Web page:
U20 Preview: Ode to Ottawa

The nation's capital; a Canadian hockey hub


Ottawa’s rich hockey tradition started with the “silver seven”.

OTTAWA - Political leaders may come and go, but in Canada's capital, hockey is a perennial favourite. Why? Just check some birth certificates.

Dozens of NHLers were born in the host city for the 2009 IIHF World U20 Championship (Dec. 26-Jan. 5), including old-time legends like Alec Connell and Frank Boucher, 1980's stars like Rick Vaive and Doug Wilson, and current aces like Derek Roy, Marc Savard, and Rod Brind'Amour.

Yet Ottawa's connection to Canada's national sport, at every level, runs even deeper.

Now, Ottawa wasn't the birthplace of hockey. The IIHF has officially awarded that distinction to Montreal, where the first organized game was played at the Victoria Skating Rink on March 3, 1875. However, the man who codified the rules for that game, James Creighton (1850-1930), brought his talents to the national capital in 1882.

While working as the Canadian Senate's law clerk, Creighton set up a team called the Rideau Hall Rebels, which featured two sons of Lord Stanley, Canada's Governor General. In 1892, Lord Stanley purchased the original Stanley Cup trophy, and on March 22, 1894, the Montreal Amateur Athletic Association beat the Ottawa Generals 3-1 in the first true Cup final game.

Only in 1903 would Ottawa celebrate its first Stanley Cup, but that inaugurated a glorious championship run that lasted till 1906. The club, now officially known as the Senators for the first time, earned the nickname of the "Silver Seven," as hockey was still played with seven men per side then.

Defending their title under a challenge system, the tough and skillful Senators boasted such Hockey Hall of Famers as Harry Westwick, Alf Smith, goalie Bouse Hutton, and Frank McGee, a legendary sniper who was blind in one eye. McGee's greatest on-ice feat was racking up 14 goals in a 23-2 win over Dawson City in the 1905 Cup-clincher.

The Senators remained a force to be reckoned with in those early years, winning the Cup in 1909, 1911, 1920, 1921, 1923, and 1927. Front-line scorers on the 1920's squad included Cy Denneny and Frank Nighbor. Clint Benedict not only backstopped the Senators to three Cups, but later made history as the first NHL goalie to wear facial protection after breaking his nose in 1930.

After the 1933-34 season, Ottawa sadly relinquished its NHL team. Tough economic times, the loss of star players, and declining attendance saw the Senators relocate to St. Louis. But passion for the game in the National Capital Region stayed strong.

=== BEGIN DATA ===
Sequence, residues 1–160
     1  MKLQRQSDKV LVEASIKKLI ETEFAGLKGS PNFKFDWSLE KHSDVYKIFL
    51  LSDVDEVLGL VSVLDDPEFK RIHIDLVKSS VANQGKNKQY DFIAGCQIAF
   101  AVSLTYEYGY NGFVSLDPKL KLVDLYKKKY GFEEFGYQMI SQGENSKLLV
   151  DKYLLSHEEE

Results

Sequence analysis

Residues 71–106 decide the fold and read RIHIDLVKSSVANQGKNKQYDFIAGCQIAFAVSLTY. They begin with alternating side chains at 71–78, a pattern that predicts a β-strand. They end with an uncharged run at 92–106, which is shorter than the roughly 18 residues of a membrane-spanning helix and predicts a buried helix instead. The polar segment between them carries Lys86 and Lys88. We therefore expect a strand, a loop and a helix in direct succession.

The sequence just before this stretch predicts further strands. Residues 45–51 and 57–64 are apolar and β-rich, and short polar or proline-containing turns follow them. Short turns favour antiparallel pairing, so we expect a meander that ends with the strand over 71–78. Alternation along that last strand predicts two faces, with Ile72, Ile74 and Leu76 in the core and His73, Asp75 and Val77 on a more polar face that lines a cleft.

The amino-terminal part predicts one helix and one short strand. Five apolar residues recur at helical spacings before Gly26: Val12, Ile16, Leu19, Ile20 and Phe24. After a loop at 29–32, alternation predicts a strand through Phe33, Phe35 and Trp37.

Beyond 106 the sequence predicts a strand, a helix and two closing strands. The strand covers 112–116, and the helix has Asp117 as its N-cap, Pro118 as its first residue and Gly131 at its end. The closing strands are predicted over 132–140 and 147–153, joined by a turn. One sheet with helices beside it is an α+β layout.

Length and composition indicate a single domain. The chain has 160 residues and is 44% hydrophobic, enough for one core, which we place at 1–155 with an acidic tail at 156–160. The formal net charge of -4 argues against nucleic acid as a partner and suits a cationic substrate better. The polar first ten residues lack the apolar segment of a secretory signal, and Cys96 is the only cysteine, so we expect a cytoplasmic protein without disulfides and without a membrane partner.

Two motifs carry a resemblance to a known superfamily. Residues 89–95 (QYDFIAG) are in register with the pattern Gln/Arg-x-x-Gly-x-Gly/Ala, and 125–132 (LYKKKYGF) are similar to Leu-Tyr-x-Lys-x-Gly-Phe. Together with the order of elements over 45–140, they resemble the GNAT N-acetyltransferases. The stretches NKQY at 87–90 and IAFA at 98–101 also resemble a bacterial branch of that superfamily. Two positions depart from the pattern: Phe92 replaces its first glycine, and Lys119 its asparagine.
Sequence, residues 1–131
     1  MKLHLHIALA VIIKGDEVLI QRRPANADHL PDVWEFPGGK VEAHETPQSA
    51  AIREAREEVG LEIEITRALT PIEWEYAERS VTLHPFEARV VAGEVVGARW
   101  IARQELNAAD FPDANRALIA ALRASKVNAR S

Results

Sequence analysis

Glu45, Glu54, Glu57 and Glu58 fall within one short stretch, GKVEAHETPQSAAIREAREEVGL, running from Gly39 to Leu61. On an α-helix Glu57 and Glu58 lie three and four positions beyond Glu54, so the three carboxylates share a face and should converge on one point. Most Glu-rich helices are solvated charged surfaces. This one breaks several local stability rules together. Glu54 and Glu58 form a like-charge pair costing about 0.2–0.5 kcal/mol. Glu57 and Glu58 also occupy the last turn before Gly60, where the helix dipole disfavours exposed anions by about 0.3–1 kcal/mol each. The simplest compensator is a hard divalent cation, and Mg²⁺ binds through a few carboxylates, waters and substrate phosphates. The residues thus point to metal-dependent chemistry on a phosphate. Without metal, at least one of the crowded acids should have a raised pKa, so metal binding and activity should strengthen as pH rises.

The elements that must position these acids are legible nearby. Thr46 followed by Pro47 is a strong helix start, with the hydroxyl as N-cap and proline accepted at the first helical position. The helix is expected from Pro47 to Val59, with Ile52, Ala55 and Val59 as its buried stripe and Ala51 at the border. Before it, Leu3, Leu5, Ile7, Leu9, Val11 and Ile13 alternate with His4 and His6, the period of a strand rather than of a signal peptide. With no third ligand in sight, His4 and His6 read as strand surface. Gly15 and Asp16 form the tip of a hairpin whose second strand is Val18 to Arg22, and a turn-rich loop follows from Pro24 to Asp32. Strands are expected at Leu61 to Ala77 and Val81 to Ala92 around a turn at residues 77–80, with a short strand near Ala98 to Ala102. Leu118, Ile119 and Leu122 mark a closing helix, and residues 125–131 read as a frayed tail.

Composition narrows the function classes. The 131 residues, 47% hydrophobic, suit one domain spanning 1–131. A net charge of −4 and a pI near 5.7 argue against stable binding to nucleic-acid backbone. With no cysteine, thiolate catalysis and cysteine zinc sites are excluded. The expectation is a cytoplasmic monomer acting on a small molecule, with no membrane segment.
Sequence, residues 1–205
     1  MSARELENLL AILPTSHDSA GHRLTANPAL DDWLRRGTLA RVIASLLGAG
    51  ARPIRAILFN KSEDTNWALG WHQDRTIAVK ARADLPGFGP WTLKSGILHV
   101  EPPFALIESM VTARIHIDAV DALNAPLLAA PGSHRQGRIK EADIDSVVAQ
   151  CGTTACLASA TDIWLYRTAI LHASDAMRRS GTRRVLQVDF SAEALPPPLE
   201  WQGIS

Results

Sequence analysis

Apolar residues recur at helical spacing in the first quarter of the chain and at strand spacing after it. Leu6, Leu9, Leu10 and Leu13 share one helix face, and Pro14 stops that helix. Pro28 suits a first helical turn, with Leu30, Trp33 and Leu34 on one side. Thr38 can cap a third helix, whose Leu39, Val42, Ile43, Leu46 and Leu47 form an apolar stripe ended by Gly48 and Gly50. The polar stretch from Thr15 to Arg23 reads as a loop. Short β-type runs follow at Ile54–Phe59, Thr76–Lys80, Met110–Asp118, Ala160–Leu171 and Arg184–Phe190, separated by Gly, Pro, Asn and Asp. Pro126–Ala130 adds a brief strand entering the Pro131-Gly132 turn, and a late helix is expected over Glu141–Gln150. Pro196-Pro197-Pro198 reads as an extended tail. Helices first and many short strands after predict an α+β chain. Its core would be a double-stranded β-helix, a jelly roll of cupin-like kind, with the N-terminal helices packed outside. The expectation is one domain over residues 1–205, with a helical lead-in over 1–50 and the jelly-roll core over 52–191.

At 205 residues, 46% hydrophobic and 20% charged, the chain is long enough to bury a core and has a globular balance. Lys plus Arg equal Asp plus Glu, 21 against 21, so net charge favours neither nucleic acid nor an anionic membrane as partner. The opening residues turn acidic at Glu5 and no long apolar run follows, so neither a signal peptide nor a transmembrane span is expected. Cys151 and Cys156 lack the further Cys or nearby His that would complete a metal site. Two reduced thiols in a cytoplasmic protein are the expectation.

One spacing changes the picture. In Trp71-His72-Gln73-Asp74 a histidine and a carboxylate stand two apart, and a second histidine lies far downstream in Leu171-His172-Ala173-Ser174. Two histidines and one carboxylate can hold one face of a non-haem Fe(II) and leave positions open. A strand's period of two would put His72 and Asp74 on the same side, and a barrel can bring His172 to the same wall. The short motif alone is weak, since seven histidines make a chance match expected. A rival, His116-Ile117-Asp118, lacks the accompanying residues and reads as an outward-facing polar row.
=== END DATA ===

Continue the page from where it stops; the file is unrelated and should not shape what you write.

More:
In 1958, the city celebrated its first Memorial Cup, emblematic of Canadian junior hockey supremacy, thanks to the Ottawa-Hull Canadiens. The roster included future mainstays of the 1960's Montreal Canadiens dynasty, like Ralph Backstrom, Bobby Rousseau, Gilles Tremblay, and J.C. Tremblay. Later, coached by 2003 Hockey Hall of Fame inductee Brian Kilrea, the Ottawa 67's of the Ontario Hockey League captured Memorial Cups in 1984 and 1999.

The new era of international hockey also brought thrills to Ottawa. The inaugural 1976 Canada Cup kicked off at the Ottawa Civic Centre, one of this year's U20 venues. The host nation, led by superstars like Bobby Orr and Bobby Hull, hammered Finland 11-2 before 9,500 spectators. Canada went on to win the tournament, ousting Czechoslovakia in the final. (Ottawa would also host two games in the 1981 Canada Cup, and three in the 1996 World Cup.)

The 1990's proved to be a groundbreaking decade. For starters, Ottawa boosted its reputation as a women's hockey stronghold.

Some reports place the first-ever all-female game here in 1889 (although others point to Barrie, Ontario in 1892), and one of the earliest women's hockey photos shows Lady Isobel Stanley, Lord Stanley's daughter, with a puck and stick outside Government House. And a century later, the IIHF organized the first-ever official World Women's Championship in Ottawa in 1990. In this eight-nation showdown, Canada, sporting pink jerseys, beat the USA 5-2 for gold before 10,000 fans at the Civic Centre.

NHL fans, meanwhile, rejoiced over the big league's return to Ottawa in 1992-93. It was a rough start for the new-look Senators, who didn't make the playoffs until 1997. But the leadership of captain Daniel Alfredsson helped turn things around. Despite its recent struggles, the club has frequently emerged as a regular-season powerhouse over the last 10 years, and made it to the 2007 Stanley Cup finals versus Anaheim.

Ex-World Junior stars are big for today's Senators. Dean McCammond (1993) and Chris Phillips (1996-97) both participated in Canada's 1990's five-peat. Scoring leaders Dany Heatley and Jason Spezza medaled multiple times in the early millennium, and D-man Anton Volchenkov captained Russia to gold in 2002. This year, hockey fans look forward to seeing more World Junior history made at Scotiabank Place.

To learn more about Ottawa's hockey history, you can also visit a free special exhibit at the City Hall Art Gallery (Dec. 5-Jan. 18, 9 am-6 pm daily, 110 Laurier Ave. West).

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